Concrete is mixture of aggregates and cement. Aggregates are composed of different sizes and colors. Core samples are taken by drilling in order to test the strength of concrete . They are usually in cylindrical form. See the image below. I want to detect the circle of the cylinder and aggregates as well as calculate the areas.


concrete blocks I have many images similar to this one.

May Questions are :

  1. How can I remove the background and detect the circle?
  2. How can I find the shape of aggregates calculate the areas?

PS: I'm well aware of related Questions on this site but most of them end up with failure.

Edit 1 Thank you shrx for the first part of the Q


img= Import["https://i.stack.imgur.com/tNcYK.jpg"]

circles = SelectComponents[MorphologicalComponents[
     ColorNegate@DeleteSmallComponents@Closing[EdgeDetect[i, 3], 11], 
     2], 0.0056`],
   "Count", # > 600 &];
cm = ComponentMeasurements[circles, "MeanCentroidDistance"]
ct = 1 /. ComponentMeasurements[FillingTransform@i1, "Centroid"];
Show[i, Graphics[{Thick, Red, Circle[ct, cm[[1, 2]]]}]]

enter image description here


3 Answers 3


Here's a possible approach for the aggregates.

I've used a scaled down image (it was faster to experiment with) and adjusted the gamma to try to bring out the colour variations. I've also masked out the background (I estimated the circular region by eye but you could of course use your ComponentMeasurements code)

i = Import["C:\\Users\\Simon\\Desktop\\tNcYK.jpg"];
i2 = ImageResize[i, Scaled[0.3]] ~ImageAdjust~ {0, 0, 1.5};
i2 = Image[ImageData[i2] RotateLeft[DiskMatrix[190, Reverse@ImageDimensions@i2], {0, 3}]]

enter image description here

I used ImageForestingComponents to try to identify the different regions:

Colorize[c = ImageForestingComponents[i2, Automatic, 1]]

enter image description here

I keep only the large components, and apply a CommonestFilter to smooth the edges a bit:

Colorize[c = DeleteSmallComponents[c, 300] ~CommonestFilter~ 1]

enter image description here

Now compute the "Mask" and "Area" of each component (sorted by area)

cm = SortBy[ComponentMeasurements[c, {"Mask", "Area"}][[All, 2]], Last] // Reverse;

Grid[{ImageCrop[i2 ~ImageMultiply~ Image[#1]], #2} & @@@ Rest@cm]

enter image description here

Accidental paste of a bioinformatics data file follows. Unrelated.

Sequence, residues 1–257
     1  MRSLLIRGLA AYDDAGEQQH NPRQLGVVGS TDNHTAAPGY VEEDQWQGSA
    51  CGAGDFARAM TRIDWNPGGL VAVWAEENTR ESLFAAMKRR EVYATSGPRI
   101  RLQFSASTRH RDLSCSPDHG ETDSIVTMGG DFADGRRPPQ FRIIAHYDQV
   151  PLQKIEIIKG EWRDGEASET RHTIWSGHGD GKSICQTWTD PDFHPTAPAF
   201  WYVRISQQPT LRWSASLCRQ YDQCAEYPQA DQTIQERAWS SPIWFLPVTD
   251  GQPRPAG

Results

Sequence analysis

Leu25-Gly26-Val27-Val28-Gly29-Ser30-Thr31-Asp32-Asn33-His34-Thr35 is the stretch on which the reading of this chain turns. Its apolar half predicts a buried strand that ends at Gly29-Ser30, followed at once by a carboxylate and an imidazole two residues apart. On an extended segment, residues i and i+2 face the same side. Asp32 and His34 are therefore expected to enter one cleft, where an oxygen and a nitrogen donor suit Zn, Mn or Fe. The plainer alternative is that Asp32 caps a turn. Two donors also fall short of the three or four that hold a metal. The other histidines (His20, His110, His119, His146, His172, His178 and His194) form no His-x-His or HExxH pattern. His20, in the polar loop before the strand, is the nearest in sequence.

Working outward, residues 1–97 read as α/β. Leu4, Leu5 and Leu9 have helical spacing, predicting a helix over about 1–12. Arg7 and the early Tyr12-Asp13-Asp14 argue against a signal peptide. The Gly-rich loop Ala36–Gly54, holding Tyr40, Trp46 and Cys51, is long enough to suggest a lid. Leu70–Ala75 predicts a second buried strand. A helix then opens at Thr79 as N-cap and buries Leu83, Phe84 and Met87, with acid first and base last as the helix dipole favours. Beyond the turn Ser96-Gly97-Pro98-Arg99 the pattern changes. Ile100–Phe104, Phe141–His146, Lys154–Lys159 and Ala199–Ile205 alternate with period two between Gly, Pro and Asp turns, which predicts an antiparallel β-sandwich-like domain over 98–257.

This shows the component outlines superimposed on the image:

ImageSubtract[i2, Image@Total[GradientFilter[#1, 1] & @@@ cm]]

enter image description here

  • $\begingroup$ Thank you for the nice answer! It was quite OK. I'm now testing with other images... A side note: usually there is no need for deleting small components. It is also useful information for modelling. $\endgroup$
    – s.s.o
    Jun 19, 2013 at 22:12

Ad 1):


Closing[EdgeDetect[image, 3], 5]

Produces a well defined image: detected disk

edit: another option:

Binarize[ImageAdjust[TopHatTransform[image, DiskMatrix[20]]]]

detected disk 2 After this, it's the same procedure as in the related examples you've found.


One way to approach the segmentation of images like this is to make use of the different colorspace representations. For example, applying the LAB colorspace to the original image allows separating the image into three pieces

ImageAdjust /@ ColorSeparate[img, "LAB"]

enter image description here

Observe that the third image is almost a mask for the circle. Likely, you could process this image to find the circle more easily than the raw image. But the others also have some interesting features. Notice the dark shape below the center in the left hand image, about halfway to the edge of the object. With luck, this could be segmented out from the rest. Similarly, the whitish shape in the middle, just below the center can be separated from its surround more easily here than in the others.

So -- it might be worthwhile in a problem like this to look through the various colorspace representations and see if they bring out features that might be of interest. A variety are easy to use: "LAB", "LUV", "XYZ" and the ever popular "HSB".


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